The small number of older recruits doesn't surprise Capt. Kenton Rainey, who oversees the sheriff's Camarillo-based training academy. Twice a year, recruits from the sheriff's and local police departments spend six months in rigorous physical training and classroom instruction to earn the right to wear a badge.
Academy training is a challenge for even the most gung-ho 21-year-old recruit. Tack on 20 years and it can be twice as hard, Rainey said.
"They stand out because you notice the gray hair," he said of the few older cadets. "It's always more comfortable for someone younger, but the academy does not always stress physical prowess."
Hiring older people for the job has its advantages, Rainey said. More mature applicants tend to be more serious about their commitment for what can be a very demanding job, he said.
"They have prepared for this process," he said. "Just because they started in their 40s doesn't mean we aren't going to get 20 or 25 years out of them."
To boost its candidate pool, the Los Angeles Police Department will soon hike the maximum age from 35 to 40 for new officers. Maximum age requirements have ensured that the department gets a "reasonable career out of an individual," said Robert Cramer, an assistant city attorney.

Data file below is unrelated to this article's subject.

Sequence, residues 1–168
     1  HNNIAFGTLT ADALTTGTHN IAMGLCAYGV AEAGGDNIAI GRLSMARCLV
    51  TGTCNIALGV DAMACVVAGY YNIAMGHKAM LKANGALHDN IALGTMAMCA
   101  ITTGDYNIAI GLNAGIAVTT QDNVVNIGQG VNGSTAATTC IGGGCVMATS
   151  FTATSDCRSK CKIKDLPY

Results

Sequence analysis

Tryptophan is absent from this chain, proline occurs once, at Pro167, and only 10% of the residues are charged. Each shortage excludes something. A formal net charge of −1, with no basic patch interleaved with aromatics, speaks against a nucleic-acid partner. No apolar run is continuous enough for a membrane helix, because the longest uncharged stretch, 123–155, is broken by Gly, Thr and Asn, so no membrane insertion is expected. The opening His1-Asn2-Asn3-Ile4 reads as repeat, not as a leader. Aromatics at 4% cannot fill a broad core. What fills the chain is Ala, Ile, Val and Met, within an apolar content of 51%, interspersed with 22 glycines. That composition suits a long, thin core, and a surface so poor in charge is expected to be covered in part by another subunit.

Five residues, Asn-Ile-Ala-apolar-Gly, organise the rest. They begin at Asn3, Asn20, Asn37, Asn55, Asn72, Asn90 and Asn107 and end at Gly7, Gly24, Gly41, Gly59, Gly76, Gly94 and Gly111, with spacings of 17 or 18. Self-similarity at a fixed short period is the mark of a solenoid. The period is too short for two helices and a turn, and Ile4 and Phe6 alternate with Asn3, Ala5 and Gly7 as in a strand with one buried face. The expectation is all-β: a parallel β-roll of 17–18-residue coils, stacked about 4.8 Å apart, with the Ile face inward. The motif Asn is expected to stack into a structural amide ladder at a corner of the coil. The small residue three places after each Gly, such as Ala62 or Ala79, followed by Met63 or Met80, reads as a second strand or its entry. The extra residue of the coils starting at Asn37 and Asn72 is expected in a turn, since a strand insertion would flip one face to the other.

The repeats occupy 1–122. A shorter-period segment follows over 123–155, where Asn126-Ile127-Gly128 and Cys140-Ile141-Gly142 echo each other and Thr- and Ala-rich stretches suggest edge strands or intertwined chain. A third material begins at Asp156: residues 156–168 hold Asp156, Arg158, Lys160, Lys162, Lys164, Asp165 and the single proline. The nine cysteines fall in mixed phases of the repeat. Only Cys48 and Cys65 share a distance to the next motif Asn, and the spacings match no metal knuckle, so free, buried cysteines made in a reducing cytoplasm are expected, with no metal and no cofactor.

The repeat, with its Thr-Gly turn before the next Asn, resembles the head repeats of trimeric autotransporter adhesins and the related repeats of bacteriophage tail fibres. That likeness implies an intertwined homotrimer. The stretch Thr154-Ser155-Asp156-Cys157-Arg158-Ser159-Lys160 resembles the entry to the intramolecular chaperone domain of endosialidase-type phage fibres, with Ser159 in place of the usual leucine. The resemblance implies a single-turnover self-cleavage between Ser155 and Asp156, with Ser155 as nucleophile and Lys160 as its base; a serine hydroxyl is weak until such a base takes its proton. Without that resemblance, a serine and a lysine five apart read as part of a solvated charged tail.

He said officers who begin their careers late typically call in sick more, leave the department earlier and have a higher chance of filing for disability leave.
"Mature people make better judgments, but the price is that you are not going to get as much out of them," Cramer said. "It's frustrating to see an individual leave after five years because they didn't think it was what they expected."
Studies conducted by the LAPD have put the turnover rate of officers joining the department by age 34 as low as 10%. Officers signing on at age 40 and above had turnover rates as high as 39%.
The chance that a new police officer would leave the department early "dramatically increased as the officer's age at the time of hire increased," according to one LAPD study.
Brooks said asking every deputy to give 20 years is not the standard his department uses. "It's really not a consideration," he said. "If someone puts in a good 10 or 12 years, that's more than enough return."